Saturday, March 14, 2015

1 Rachel Hartman, author of SHADOW SCALE, on being gentle with yourself

We're delighted to have Rachel Hartman join us to talk to us about writing SHADOW SCALE, the sequel to SERAPHINA.

Rachel, what was your inspiration for writing SHADOW SCALE?

SHADOW SCALE is the sequel to SERAPHINA, and the duology was always intended to have a roughly symmetrical structure. The first book would carry us from peace to war, and the second book from war back to peace. The road to peace is much more difficult than the road to war, however, so the second book is kind of a brick. The other thing I realized as I was writing was that I was interested in a different set of questions than I’d been exploring in SERAPHINA, and it took me some time to figure out what those questions were. I think there was much more perspiration than inspiration involved in this second book, frankly.

What scene was really hard for you to write and why, and is that the one of which you are most proud? Or is there another scene you particularly love?

The scene I loved the most was the epilogue, and it was simultaneously hardest and easiest to write. I can’t really talk about it without spoiling, but it’s a bittersweet, emotional scene. There were days when that scene was the only thing I was really sure of about this book. It was my Pole Star.

What did this book teach you about writing or about yourself?

It reaffirmed something that I already knew, but had half-forgotten: that when I’m stuck, it’s a good idea to go do something else for a while. The solution will bubble up from my unconscious more readily if I’m not trying to force it. “Writers write” has become a ubiquitous truism, but sometimes writers don’t write. Sometimes writers ride bikes or sing or walk the dog, and it’s ok. You’re not a failure if you have to walk away from it occasionally.

What's your writing ritual like? Do you listen to music? Work at home or at a coffee shop or the library, etc?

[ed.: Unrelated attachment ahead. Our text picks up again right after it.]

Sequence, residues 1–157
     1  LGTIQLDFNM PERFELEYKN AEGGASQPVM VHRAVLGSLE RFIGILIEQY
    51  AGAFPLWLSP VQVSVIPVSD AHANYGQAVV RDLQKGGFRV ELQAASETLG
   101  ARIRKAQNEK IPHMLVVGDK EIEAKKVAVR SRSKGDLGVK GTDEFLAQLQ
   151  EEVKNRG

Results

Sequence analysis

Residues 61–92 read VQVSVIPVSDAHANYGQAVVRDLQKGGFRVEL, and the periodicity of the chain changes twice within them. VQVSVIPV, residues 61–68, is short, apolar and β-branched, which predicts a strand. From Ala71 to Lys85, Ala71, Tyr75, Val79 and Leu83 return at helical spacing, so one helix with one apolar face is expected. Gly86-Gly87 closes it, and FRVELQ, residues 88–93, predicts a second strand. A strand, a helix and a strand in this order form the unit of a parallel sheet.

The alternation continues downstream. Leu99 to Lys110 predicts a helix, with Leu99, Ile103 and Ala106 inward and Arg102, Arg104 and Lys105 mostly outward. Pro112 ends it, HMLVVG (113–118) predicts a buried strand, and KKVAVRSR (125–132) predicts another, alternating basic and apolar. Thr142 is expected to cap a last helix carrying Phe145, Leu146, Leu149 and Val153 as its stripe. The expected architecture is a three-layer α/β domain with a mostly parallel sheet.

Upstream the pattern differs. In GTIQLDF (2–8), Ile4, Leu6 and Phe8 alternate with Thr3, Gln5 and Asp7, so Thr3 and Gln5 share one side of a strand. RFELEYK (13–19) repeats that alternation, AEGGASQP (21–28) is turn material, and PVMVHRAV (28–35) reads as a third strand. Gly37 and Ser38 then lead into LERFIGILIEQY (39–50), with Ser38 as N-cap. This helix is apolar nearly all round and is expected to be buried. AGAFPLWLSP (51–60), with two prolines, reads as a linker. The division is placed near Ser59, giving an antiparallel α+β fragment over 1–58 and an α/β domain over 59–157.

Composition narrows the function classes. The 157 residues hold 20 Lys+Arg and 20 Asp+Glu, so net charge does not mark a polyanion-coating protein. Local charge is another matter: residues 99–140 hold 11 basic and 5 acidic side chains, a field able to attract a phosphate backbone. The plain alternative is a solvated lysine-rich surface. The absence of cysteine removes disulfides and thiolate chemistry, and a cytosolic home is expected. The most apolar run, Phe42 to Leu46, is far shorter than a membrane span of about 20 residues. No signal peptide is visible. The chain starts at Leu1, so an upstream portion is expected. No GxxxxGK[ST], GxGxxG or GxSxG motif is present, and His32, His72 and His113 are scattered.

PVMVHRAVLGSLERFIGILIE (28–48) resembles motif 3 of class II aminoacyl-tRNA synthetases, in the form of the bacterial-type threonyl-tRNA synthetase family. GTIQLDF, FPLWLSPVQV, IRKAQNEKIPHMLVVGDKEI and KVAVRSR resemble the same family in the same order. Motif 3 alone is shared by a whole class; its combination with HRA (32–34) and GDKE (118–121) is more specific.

I get up early, before the rest of my household, and I write very first thing. I often listen to music, but not always. There’s a pause during the breakfast and off-to-school rush, but then I get back to it. These days, I get to about 1500-2000 words before I stop, which is a lot for me. I only ever work at home, because I find other humans quite distracting.

What advice would you most like to pass along to other writers?

Be patient, be persistent, but above all, be gentle with yourself. It is a tricky mental transition from writing for yourself to writing for a publisher and a readership. If writing was your therapy, it can easily become the source of stress -- and then what have you got for therapy? I found singing, another art form that I can enjoy without any pressure, and it reminds me what writing is supposed to feel like, which helps keep my head on straight.

What are you working on now?

A second duology, set in the same world as SERAPHINA and SHADOW SCALE, but featuring an almost completely different cast of characters. I’m having a great time with it so far.


Shadow Scale
by Rachel Hartman
Random House Books for Young Readers
Released 3/10/2015

Seraphina took the literary world by storm with 8 starred reviews and numerous “Best of” lists. At last, her eagerly awaited sequel has arrived—and with it comes an epic battle between humans and dragons.

The kingdom of Goredd: a world where humans and dragons share life with an uneasy balance, and those few who are both human and dragon must hide the truth. Seraphina is one of these, part girl, part dragon, who is reluctantly drawn into the politics of her world. When war breaks out between the dragons and humans, she must travel the lands to find those like herself—for she has an inexplicable connection to all of them, and together they will be able to fight the dragons in powerful, magical ways.

As Seraphina gathers this motley crew, she is pursued by humans who want to stop her. But the most terrifying is another half dragon, who can creep into people’s minds and take them over. Until now, Seraphina has kept her mind safe from intruders, but that also means she’s held back her own gift. It is time to make a choice: Cling to the safety of her old life, or embrace a powerful new destiny?

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Rachel HartmanRachel was born in Kentucky, but has lived a variety of places including Chicago, Philadelphia, St. Louis, England, and Japan. She has a BA in Comparative Literature, although she insists it should have been a BS because her undergraduate thesis was called “Paradox and Parody in Don Quixote and the satires of Lucian.” She eschewed graduate school in favour of drawing comic books. She now lives in Vancouver, BC, with her family, their whippet, and a talking frog and salamander (who fight zombies)(really. There are a lot of zombies in the Pacific Northwest).

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